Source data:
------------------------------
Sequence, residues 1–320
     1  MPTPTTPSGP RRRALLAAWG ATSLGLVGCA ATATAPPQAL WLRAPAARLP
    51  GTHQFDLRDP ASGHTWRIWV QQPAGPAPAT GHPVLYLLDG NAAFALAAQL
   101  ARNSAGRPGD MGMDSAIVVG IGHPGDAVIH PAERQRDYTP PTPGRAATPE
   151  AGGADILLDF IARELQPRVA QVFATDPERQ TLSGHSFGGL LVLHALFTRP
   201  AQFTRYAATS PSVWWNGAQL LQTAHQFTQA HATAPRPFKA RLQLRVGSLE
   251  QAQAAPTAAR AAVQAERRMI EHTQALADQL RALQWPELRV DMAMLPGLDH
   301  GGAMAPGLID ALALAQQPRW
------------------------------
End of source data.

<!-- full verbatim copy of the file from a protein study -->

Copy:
Sequence, residues 1–320
     1  MPTPTTPSGP RRRALLAAWG ATSLGLVGCA ATATAPPQAL WLRAPAARLP
    51  GTHQFDLRDP ASGHTWRIWV QQPAGPAPAT GHPVLYLLDG NAAFALAAQL
   101  ARNSAGRPGD MGMDSAIVVG IGHPGDAVIH PAERQRDYTP PTPGRAATPE
   151  AGGADILLDF IARELQPRVA QVFATDPERQ TLSGHSFGGL LVLHALFTRP
   201  AQFTRYAATS PSVWWNGAQL LQTAHQFTQA HATAPRPFKA RLQLRVGSLE
   251  QAQAAPTAAR AAVQAERRMI EHTQALADQL RALQWPELRV DMAMLPGLDH
   301  GGAMAPGLID ALALAQQPRW